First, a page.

100% viewfinder coverage
6fps (up from 4.5fps on the D90)
4 more megapixels (16.2 up from 12.3)
Full 1080p video at 24fps
Dual SD card slots
Lower ISO 100 now available
External mic input
14-bit A/D converter from the D300s
Odds are if you are looking at the D7000 then you have lenses already and just want to get the body, but it is available with the 18-105mm as a kit. Another option is to get the body only and then add on the very nice Nikon 18-200mm VR instead.
I’ve taken a ton of pictures over the year, but have done relatively little sharing. My Picasa collection has 25 albums and that is barely the tip of the iceberg. Over the next year or so I’m going to go through album by album in Picasa and post pictures that people might not have seen before. I’m only going to pick out the top pictures that best represent the set as a whole to keep album size down.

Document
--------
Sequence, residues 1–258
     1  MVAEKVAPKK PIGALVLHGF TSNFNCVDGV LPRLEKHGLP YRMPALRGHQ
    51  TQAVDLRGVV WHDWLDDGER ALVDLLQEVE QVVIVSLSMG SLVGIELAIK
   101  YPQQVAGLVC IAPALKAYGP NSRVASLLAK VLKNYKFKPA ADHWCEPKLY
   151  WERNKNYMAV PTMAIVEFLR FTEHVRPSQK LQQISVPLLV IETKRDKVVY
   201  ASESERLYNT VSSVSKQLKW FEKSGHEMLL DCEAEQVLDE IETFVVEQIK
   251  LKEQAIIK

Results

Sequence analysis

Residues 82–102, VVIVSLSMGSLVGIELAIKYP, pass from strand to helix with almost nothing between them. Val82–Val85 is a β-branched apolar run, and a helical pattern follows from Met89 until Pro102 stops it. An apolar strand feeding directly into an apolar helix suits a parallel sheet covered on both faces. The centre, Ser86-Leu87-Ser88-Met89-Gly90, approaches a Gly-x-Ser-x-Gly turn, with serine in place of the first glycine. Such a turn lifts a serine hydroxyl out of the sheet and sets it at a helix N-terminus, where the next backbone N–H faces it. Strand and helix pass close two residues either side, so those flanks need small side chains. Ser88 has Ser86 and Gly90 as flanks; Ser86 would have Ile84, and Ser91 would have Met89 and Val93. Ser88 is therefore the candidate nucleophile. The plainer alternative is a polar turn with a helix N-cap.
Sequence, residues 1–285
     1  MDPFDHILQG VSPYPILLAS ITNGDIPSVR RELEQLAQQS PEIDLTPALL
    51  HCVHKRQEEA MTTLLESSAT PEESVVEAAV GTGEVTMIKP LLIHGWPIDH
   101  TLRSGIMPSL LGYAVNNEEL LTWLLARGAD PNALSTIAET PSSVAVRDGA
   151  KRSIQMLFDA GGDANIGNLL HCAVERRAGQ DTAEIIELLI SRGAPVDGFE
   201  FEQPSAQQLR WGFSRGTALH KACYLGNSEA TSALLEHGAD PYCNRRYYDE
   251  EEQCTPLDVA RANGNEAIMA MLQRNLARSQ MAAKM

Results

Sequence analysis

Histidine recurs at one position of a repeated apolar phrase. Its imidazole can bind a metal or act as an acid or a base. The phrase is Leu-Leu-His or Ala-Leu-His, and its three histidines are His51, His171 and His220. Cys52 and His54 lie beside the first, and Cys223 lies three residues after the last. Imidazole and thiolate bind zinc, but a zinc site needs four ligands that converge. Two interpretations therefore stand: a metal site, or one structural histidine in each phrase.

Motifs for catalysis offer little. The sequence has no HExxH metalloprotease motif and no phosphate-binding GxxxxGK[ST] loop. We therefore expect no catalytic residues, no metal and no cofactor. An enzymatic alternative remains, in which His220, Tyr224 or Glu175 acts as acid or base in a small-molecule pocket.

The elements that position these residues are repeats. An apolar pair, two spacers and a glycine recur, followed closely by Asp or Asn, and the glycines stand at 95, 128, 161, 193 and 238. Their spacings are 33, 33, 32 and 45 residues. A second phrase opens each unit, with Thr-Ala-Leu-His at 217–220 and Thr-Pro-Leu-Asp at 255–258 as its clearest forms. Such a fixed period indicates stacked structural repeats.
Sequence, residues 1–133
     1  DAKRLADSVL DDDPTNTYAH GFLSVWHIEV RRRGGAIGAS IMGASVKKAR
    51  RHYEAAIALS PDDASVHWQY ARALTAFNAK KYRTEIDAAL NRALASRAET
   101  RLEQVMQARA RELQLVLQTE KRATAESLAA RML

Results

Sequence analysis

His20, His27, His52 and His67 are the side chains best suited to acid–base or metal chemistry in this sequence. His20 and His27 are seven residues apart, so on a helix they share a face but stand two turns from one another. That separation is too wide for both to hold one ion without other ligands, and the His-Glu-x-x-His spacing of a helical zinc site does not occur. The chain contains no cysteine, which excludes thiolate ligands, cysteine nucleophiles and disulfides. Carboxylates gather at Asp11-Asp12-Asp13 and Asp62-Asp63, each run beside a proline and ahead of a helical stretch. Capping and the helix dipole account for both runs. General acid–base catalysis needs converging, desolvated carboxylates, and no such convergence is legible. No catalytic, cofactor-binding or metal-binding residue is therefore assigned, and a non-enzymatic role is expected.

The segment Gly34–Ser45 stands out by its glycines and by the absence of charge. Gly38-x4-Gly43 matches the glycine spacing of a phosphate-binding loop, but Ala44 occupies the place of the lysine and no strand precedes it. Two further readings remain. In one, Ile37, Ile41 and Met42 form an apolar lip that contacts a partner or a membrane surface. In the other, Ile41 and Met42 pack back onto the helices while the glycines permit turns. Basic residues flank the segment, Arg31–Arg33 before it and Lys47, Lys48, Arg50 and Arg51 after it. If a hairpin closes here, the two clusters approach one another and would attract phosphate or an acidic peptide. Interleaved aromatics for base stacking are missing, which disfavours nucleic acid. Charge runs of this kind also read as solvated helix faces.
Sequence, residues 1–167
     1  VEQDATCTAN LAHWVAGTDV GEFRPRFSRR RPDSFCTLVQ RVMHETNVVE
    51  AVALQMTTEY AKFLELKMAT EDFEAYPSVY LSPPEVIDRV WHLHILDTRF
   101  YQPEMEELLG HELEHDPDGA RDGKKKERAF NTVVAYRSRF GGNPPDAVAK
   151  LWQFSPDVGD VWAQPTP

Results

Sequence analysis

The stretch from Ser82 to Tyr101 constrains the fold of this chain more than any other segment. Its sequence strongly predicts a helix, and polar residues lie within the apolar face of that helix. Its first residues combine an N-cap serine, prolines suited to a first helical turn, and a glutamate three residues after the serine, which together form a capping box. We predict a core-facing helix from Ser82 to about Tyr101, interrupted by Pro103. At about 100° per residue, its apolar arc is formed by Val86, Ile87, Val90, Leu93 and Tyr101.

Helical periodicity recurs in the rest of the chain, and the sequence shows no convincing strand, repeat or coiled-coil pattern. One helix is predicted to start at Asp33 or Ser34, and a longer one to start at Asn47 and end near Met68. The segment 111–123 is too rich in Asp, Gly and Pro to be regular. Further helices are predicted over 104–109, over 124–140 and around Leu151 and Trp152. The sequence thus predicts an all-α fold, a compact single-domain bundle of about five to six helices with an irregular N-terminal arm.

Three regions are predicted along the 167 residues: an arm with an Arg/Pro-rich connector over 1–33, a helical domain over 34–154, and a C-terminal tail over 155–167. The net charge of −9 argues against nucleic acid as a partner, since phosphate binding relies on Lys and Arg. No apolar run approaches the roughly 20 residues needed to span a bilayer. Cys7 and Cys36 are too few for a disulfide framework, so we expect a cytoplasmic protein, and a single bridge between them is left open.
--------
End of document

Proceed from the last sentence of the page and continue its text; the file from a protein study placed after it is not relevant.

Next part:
All sets will be posted to Picasa and sets that are interesting enough will get cross posted to Facebook. I’ve softened my stance on FB and have returned to a level of minimal usage.
While picking out what to post I will be deleting shots that are useless or duplicates. My hope is to really pare down the amount of noise in my image library. If I bring up a set of photos, I only want the pictures that I like or can use. There’s probably a ton of out of focus or black frames that can just go away. I’ll also delete photos that are unflattering to the subject (unless you do so intentionally, a la Denise).
In our move I found all my negatives from high school so those will probably be scanned and posted as well.